Thirdly, we can all argue for more money to be spent on science. As someone who started his adult life with scientific training at university, I believe in science. However, as the Minister will say, there is infinite demand, and resources are limited, so there must be a return for society. The National Physical Laboratory's work and our national effort on measurement generally is striking in its benefit-to-cost ratio. A departmental report from the National Measurement Office, published by the then Department for Innovation, Universities and Skills says that every

Most commercial organisations would die to have such a return with every pound producing £60 of return for society. That is an extraordinary benefit. Grossing up the figures and applying them to the laboratory as a whole, as the laboratory's director did in his presentation to the House of Lords Science and Technology Committee, shows that about £75 million a year, of which £50 million comes from the Government generates £2 billion a year of economic value. That is an extraordinary multiplier.

At the heart of the controversy is the fact that, despite that extraordinary benefit, which the Government themselves have estimated-it is not a self-serving estimate by the people involved-it has been proposed that instead of adding £6 million to generate that benefit, £6 million will be taken away. Two conclusions may be drawn. Perhaps there is something wrong with the Government's measurement, and perhaps the benefits are not real and something is wrong with the calculation. That is possible-I do not know how they arrived at their numbers-but if they are right, an extraordinarily damaging decision is being contemplated. One of those propositions must be true, and I hope that the Minister will address it when he responds.

That is the context, but I want to take the argument on by stressing that I want a positive outcome. I am not here to make debating points, to lecture the Government, or to apportion blame. That is not the spirit of this debate, and I want to make several specific points. First, I accept that Government spending must be cut, almost certainly in the Minister's Department. I am not for one minute suggesting that that can be avoided-and I have been outspoken in my capacity as a party spokesman in saying that we must be realistic in facing up to the need for cuts-but the issue is how it is to be done. What is particularly worrying is how the process is being managed. It is worth quoting Brian Bowsher, director of the National Physical Laboratory, who said in his evidence to the House of Lords that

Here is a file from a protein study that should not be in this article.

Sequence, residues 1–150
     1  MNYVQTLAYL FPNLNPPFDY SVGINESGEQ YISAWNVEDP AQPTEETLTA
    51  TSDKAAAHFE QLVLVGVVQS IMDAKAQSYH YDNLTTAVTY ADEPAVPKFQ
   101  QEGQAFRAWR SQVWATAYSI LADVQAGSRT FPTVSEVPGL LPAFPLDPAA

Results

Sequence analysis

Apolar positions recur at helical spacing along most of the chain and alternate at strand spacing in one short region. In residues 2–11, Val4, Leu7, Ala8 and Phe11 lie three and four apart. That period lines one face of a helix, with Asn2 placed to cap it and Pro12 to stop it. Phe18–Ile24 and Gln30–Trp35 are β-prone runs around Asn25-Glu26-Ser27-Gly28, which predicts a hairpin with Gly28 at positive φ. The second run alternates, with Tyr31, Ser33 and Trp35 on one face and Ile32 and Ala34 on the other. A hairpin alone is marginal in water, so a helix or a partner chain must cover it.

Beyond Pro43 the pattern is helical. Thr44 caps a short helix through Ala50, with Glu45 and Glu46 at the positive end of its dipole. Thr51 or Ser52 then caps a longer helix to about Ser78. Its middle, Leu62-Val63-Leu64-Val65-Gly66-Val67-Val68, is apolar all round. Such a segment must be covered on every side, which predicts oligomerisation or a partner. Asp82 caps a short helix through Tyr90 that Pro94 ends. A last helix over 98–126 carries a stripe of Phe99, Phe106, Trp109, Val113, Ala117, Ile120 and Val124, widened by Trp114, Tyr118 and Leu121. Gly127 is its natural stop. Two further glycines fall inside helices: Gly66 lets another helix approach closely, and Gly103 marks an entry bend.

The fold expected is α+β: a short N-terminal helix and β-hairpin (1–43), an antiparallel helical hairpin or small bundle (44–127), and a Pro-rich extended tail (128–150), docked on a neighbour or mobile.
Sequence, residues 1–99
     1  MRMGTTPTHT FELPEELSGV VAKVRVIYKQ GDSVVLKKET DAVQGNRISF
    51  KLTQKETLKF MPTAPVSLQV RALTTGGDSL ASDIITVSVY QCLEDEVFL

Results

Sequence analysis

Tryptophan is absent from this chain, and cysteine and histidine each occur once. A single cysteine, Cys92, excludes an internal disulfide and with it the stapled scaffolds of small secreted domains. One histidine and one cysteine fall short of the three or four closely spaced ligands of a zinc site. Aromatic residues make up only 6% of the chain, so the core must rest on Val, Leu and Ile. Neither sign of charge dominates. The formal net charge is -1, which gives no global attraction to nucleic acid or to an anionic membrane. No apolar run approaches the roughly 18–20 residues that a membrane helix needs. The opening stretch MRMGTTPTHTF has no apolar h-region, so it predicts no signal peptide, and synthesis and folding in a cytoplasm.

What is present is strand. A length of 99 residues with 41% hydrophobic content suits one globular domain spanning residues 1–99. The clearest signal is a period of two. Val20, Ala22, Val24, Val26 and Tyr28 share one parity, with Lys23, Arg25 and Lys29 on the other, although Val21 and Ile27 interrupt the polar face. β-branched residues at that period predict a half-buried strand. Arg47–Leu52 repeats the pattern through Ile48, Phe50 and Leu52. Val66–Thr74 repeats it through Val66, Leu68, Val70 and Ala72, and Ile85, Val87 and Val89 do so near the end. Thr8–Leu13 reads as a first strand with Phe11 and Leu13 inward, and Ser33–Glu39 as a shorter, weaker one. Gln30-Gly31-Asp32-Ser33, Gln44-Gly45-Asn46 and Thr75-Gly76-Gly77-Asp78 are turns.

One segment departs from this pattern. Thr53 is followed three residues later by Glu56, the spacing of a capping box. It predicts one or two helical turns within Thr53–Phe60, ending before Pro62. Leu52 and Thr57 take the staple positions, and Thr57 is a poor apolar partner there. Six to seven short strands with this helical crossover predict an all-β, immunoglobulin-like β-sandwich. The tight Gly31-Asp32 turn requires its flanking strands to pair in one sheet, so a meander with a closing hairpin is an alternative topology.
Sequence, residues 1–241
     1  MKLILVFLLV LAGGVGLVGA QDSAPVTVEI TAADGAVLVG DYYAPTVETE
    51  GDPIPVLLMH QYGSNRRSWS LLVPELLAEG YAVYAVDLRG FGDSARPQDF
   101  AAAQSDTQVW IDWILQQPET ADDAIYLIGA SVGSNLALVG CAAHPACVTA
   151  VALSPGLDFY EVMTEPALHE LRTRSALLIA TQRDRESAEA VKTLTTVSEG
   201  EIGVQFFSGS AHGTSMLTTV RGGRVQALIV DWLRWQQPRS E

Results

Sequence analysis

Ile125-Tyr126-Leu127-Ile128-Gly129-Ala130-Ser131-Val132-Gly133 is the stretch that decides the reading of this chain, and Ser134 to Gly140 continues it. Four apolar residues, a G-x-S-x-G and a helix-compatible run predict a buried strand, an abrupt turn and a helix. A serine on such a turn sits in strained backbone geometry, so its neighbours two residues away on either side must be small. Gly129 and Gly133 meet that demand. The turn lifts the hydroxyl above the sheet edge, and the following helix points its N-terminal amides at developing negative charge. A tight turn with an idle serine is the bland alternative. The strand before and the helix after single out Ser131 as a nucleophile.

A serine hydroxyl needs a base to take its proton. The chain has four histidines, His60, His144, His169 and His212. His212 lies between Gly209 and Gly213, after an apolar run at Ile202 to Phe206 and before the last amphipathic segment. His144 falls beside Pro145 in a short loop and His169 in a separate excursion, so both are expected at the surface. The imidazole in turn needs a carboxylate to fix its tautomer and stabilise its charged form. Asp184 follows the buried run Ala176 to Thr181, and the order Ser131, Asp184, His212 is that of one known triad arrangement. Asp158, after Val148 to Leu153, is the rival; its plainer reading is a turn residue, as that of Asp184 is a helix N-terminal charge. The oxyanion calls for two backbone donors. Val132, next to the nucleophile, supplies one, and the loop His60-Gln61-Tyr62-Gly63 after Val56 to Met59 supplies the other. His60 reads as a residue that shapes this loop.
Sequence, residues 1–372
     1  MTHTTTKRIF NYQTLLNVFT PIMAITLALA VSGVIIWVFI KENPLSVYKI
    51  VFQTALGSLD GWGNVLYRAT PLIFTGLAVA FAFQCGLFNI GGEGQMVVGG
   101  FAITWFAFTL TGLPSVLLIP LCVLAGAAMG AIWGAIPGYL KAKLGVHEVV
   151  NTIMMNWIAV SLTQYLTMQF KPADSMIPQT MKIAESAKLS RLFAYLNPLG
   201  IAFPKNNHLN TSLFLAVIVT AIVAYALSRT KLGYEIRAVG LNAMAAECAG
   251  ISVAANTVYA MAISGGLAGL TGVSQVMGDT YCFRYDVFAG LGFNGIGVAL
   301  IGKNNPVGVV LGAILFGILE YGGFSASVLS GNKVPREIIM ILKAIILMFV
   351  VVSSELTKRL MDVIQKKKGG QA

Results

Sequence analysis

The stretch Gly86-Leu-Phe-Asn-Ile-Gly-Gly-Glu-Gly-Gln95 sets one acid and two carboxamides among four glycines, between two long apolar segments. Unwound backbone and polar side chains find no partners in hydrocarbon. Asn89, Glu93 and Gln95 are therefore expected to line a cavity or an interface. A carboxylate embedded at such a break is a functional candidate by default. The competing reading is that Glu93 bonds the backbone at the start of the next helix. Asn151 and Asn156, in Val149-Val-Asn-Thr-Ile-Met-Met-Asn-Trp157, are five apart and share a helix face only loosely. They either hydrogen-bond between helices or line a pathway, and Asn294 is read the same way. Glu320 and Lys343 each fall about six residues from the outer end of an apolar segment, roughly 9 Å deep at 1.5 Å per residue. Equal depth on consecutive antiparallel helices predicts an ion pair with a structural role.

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That "10 per cent. off everyone" approach by the Department towards the cuts is seriously worrying.

Let me reinforce what I said earlier. I fully accept that there must be discipline in public spending, and that there will almost certainly be cuts. However, that must be done rationally and as far as I can establish, at the moment we have a "10 per cent. off everything" approach, which is not efficient, either economically or administratively.

Mr. Edward Vaizey (Wantage) (Con): Some of my constituents work at the National Physical Laboratory, and there are a number of important scientific establishments in my constituency, which is why I am interested in the points raised by the hon. Gentleman. Does he agree that the science budget has not been well handled for a number of years? We faced a crisis last year with compulsory redundancies because of the way in which the Science and Technology Facilities Council handled its negotiations with what was the Department for Innovation, Universities and Skills, and is now the Department for Business, Innovation and Skills.

Dr. Cable: I accept what the hon. Gentleman says-there is probably a systemic problem. The Department might have been good at administering expansion, but it is not good at administering contraction. There does not appear to be a rational, systematic way of making choices, which goes to the heart of what I want to say.